I've had a few people email me regarding my yarn shop reviews on the blog, asking me which shop is my favorite. Apparently my relatively neutral review style doesn't do it for them, although I don't know what difference it would make if I did have a favorite or not - my preferences may not be their preferences, y'know?

I love that lace pattern. I tried swatching it up years ago for a pair of stockings, and it looked great, but I never got around to using it.

11:09 PM  
Blogger strikkegal said...

It's hard to actually talk to people about something you love when they're not interested, isn't it? I'm a mathteacher now, discovering that I'm unusual since I love maths...

Btw. the SAM3 prize showed up in the mail last week, just wanted to let you know I absolutely loved it! Posted a picture on my blog yesterday :)

1:48 AM  
Blogger clumberknits said...

Very interesting post. I'd love to hear more about your LYS experience. I'm guilty of wishing that my LYS owner and/or staff would be a bit more plugged in to the knitters on the internet, but I know that most of her customers are not. Still, I wonder if maybe she doesn't get the "plugged in" customers because she's *not* plugged in. But maybe, really, there just aren't that many out there.

I look forward to reading more!

3:25 AM  
Blogger Jocelyn said...

I also work at an LYS and have been following that thread on Ravelry with interest. (There's also an LYS employee group, btw.) It's very hard to know how to please some people. The downside of the internet is that the most inocuous conversation (at least to the employee) can become a slam in a review. It's so hard to know what really happened without any context.

The other thing is that if someone is new to the shop, I ask them where they usually shop for yarn (out of curiosity). Turns out that most people have a complaint about every shop. That Ravelry thread certainly proves that out.

5:02 AM  
Blogger Donna said...

Very interesting post. I think it was a brilliant move for you to start working in a shop so you can get another perspective.

Of course, the part I most identified with was the poop talk! It is a common topic at our house too. When I met my husband 10 years ago, I NEVER would have guessed it was going to become a topic of normal everyday conversation for us.

9:16 AM  
Anonymous Ashley said...

You know... I really don't care if my LYS knows anything about the online world or not. As long as they have good yarns and a friendly atmosphere that's all I ask for. The friendly atmosphere though is something I don't find at my LYS. On the 5 occasions I've gone inside I've never seen anyone smile. It just makes me feel unwelcomed to see them standintg with absolutely no expression watching me. They always ask if I need help, but a smile would be nice. I've also tried to start conversations with some of the employees in the past and I'm only given one word answers. For me the friendly atmosphere is key. If I don't feel welcomed why should my money be spent there? Maybe it's me.

The bread you made looks wonderful! I've been wanting to try baking bread for awhile I just can't seem to find the time.

9:18 AM  
Blogger yarnlot said...

Really interesting post...working in a yarnstore must be quite different because of the commercial connection.
As for the internet, I cannot imagine knitting without it anymore, it brings me in contact with so many people and new things...but there are a lot of knitters less interested in it, not in the least because it takes time, internetting and blogging are nearly hobbies on their own. But for me, it really widens my horizon.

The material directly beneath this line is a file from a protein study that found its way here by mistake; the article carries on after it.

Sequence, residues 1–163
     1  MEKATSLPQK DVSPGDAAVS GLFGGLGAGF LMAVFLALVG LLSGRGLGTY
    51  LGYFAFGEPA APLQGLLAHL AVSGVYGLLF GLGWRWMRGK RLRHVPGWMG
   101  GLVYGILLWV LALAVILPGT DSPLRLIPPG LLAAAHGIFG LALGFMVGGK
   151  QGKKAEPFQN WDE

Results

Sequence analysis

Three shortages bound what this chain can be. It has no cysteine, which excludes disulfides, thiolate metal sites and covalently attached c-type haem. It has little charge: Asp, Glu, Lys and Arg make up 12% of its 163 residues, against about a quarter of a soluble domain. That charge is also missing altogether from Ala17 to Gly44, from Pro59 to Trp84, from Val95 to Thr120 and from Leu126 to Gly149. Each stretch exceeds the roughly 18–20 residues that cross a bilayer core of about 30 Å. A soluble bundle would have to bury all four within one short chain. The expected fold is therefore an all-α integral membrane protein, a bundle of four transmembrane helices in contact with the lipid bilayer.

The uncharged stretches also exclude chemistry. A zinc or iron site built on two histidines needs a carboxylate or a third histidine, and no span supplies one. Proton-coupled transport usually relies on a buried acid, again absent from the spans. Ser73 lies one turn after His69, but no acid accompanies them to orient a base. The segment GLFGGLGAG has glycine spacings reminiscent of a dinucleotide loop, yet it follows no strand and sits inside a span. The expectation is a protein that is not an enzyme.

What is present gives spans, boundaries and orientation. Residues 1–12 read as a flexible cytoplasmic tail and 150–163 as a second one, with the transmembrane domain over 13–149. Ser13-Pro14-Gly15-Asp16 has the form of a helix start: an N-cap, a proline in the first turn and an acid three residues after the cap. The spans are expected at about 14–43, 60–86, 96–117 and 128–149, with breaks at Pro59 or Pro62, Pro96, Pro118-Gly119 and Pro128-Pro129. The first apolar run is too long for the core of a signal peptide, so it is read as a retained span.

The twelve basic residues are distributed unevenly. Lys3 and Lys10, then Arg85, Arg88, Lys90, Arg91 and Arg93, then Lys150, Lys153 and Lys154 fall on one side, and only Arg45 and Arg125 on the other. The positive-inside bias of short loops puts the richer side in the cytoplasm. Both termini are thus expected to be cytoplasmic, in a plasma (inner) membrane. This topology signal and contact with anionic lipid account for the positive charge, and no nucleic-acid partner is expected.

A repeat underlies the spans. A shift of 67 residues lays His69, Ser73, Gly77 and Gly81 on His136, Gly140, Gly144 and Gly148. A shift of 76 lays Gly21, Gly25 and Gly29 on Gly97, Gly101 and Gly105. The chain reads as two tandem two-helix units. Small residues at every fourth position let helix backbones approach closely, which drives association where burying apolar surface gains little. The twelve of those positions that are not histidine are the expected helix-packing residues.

Lovely blog, the children especially.

9:59 AM  
Blogger msubulldog said...

The yarn shop talk is really interesting--I can't wait to hear more about it. I typically like the "let me know if I can help/there's anything you're looking for" comment possibly followed later by a "so, what are you working on right now?" or "yes, isn't that a beautiful color?" type of comment to show me that the employee realizes I'm still there and she's still interested in helping me. :)
Love, LOVE the picture of the kids with the chickens!
And I sympathize with the poop comments. I just started Everett on the g-diapers and am constantly regaling my friend with personal reviews of how they stand up to blowouts. *grin*

10:22 PM  
Anonymous Anastasia said...

I've found that I've been completely colored by the online knitting community. I taught myself to knit and have just these past couple of months joined real-life knitting groups, expecting to find someone who is a goddess at lace or cables or sweaters, or at least someone who's a more adventurous/experienced knitter than me. And I didn't find any. In three places I've been to, there's only the LYS owners and one other lady that's interested in pushing her knitting to the limit and trying everything.

I realized that most real life knitters aren't like the online ones - and to just relax and knit when I'm around them.

Love the Lace Rib Raglan so far, finally cast on yesterday and I'm slightly past the initial rib and into the stockinette.

4:39 PM  
Blogger kimberly said...

Oh how interesting to hear about a yarn shop from another perspective. I'm of the old belief that if you don't have anything nice to say, don't say it at all. Not always but most of the time. I've had bad yarn shop experiences but they don't get on the blog-the blog world should be a positive place and that's what my reviews are. Oh and you're right, you can't please them all. I'm sure you're doing a fabulous job!!! OH and I know how it is to go back to work after taking a break with kids-not easy! I took 5 years off to have my kids and now I'm back teaching. Last year was my first year back and it was a bit rough but it does get easier. Hugs from Berlin, Germany!!

10:30 PM